Can You Buy A Canadian Citizenship? Almost
There was a myth circulating in the deeper reaches of the internet that one could buy a Canadian citizenship from the Province of Quebec, assuming you were rich enough. Or so I thought it was a myth.
As it turns out, it’s just about true. It is entirely possible to essentially purchase Canadian Permanent Residency status, that is the level just beneath Canadian Citizenship, through something called the Quebec Immigrant Investor Program.
I’ll explain how this dubious bureaucratic quid pro quo transaction works in a moment, but first, what is the difference between Canadian Permanent Residency and Canadian Citizenship?
Frankly, there’s not much of a difference when it comes to everyday life.
Permanent residents are able to work most jobs (excluding those with high level security clearances), live and travel anywhere in Canada, and are able to collect most forms of government welfare.
The main difference is that permanent residents cannot vote, do not carry Canadian passports, and may have their legal status revoked should a judge deem it necessary (if they commit a heinous crime, let’s say). Although in most cases, permanent residency status leads to citizenship, and is rarely revoked—even for violent offenders.
So before moving on, let’s be clear: you cannot buy a Canadian citizenship from Quebec, but you can buy the next best thing, permanent residency status—this usually leads to Canadian citizenship.
The Quebec Immigrant Investor Program allows foreign investors to acquire Canadian permanent residency status by investing CAD $800,000 in the province of Quebec, either through a financial intermediary (a bank) or through direct investment (setting up or buying a business).
This $800,000 is guaranteed by the Quebec government—it’s a certain investment. This is bizarre if your goal is really to attract investors. Investing is inherently risky.
Although the program is capped at 1,900 immigrants, people with an “intermediate” knowledge of French are exempt from the quota. That is, the real number of immigrants entering through the program could be significantly higher than the cap, given that those who speak French are not counted towards said quota.
Of course, the cap does not include family members either. If we assume that the average immigrant family consists of five individuals (two parents, three children), this means at least 9,500 people are entering Canada per year through Quebec’s program.
And again, it could be much higher depending upon how many French-speakers are applying.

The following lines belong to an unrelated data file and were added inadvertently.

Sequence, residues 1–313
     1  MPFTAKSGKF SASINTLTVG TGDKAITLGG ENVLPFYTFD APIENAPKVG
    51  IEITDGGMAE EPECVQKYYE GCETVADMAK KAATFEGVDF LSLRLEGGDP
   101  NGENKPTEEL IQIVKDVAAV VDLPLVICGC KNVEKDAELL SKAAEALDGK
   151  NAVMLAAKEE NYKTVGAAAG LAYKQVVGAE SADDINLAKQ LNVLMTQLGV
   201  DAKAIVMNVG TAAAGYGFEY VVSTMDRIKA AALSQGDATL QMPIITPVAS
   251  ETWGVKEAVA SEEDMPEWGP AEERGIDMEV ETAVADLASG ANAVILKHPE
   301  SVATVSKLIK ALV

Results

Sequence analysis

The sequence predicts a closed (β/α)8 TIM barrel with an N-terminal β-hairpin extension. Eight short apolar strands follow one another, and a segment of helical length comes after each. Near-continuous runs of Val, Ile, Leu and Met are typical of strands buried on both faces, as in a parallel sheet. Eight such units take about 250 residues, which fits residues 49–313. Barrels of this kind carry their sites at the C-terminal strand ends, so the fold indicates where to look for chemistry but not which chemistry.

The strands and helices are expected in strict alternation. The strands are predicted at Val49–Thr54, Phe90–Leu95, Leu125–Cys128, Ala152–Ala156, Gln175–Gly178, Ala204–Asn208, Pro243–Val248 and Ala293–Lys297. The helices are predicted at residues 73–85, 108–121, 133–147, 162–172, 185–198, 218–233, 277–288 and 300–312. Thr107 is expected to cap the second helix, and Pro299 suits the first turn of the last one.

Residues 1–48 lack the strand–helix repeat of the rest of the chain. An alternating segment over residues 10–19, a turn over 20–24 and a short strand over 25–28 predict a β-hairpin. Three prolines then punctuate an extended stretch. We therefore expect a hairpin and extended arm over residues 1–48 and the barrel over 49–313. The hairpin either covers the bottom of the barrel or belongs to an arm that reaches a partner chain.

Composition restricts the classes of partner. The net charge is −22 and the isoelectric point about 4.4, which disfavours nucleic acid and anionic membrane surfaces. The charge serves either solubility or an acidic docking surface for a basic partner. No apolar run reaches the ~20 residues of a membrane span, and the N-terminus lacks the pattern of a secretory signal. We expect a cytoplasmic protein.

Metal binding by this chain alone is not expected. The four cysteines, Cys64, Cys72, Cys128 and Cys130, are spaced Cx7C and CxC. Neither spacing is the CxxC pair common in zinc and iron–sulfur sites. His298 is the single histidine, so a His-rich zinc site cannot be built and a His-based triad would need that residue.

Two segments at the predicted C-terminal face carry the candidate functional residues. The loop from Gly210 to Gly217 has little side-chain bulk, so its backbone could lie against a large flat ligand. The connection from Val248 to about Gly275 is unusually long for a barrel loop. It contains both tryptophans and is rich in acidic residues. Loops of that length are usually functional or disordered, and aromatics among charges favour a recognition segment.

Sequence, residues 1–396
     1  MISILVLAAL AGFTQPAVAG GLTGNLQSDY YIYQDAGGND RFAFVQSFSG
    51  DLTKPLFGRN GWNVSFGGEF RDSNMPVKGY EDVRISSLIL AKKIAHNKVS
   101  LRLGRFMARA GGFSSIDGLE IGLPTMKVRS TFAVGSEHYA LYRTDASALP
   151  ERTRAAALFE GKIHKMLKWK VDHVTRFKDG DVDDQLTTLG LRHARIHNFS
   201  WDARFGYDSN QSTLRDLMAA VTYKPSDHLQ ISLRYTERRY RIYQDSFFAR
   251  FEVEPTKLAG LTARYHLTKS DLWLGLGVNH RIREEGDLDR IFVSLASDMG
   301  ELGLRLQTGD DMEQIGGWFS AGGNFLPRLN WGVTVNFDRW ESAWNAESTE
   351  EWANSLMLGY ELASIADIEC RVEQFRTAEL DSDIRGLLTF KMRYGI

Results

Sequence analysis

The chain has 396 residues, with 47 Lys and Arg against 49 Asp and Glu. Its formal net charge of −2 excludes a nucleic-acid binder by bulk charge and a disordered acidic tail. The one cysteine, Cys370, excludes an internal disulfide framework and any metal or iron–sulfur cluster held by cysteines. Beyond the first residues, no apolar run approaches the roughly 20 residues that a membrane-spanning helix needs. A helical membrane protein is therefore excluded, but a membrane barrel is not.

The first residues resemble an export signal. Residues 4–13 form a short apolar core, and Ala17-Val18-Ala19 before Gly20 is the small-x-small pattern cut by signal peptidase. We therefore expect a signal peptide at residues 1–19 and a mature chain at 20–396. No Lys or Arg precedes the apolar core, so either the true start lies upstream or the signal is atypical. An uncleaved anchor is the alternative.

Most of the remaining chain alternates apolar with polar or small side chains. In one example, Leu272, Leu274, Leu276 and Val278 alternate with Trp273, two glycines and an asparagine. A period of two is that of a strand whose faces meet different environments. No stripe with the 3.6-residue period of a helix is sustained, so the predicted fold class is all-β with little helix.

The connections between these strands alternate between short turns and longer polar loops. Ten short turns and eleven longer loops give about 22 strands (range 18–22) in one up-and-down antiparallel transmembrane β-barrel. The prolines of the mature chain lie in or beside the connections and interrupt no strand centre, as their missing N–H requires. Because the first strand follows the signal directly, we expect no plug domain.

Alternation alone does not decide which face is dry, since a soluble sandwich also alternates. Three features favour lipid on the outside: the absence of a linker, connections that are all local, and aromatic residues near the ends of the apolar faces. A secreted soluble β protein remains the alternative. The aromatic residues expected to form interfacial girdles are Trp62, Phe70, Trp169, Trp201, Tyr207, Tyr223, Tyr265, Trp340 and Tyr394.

Another interesting point of fact is that the quota limits the number of accepted applicants from China, Hong Kong, and Macao at 1,330 (again, not including family). This suggests that the program was likely being swamped with rich Chinese immigrants abusing the system—otherwise why impose such a specific cap in the first place?
Beyond this, it is also worth mentioning that Quebec is a French-speaking province. If French-speaking immigrants are not counted towards the quota, this means that the 1,900 person cap is really a cap on English-speaking immigrants, who probably don’t want to stay in Quebec to begin with.
When looking at the system as a whole, its purpose becomes clear: Quebec is selling Canadian permanent residency statuses to English-speaking, predominantly Chinese investors, who have no intention of settling in Quebec.
The impact of this is clear in cities like Vancouver, which are magnets for Chinese investment.
Now let’s get back to the money: what does Quebec get out of this?
Well, they get the $800,000 investment. But that’s a naive way of looking at it: Quebec could easily finance identical investments by issuing bonds. Over the course of five years the interest on said bonds would amount to roughly $70,000.
By getting foreigners to invest, this saves Quebec some $70,000 in interest payments. Basically, Quebec makes $70,000 per immigrant—that is the cost of Canadian legal status.
I suppose you could argue that Quebec is gaining business experience, and high net worth residents, but at what cost? As the American experience with the mass immigration of physicians shows, it is possible to have too much of a good thing. Citizenship, and pathways to citizenship, should not be for sale—it is too valuable. Citizenship is sacred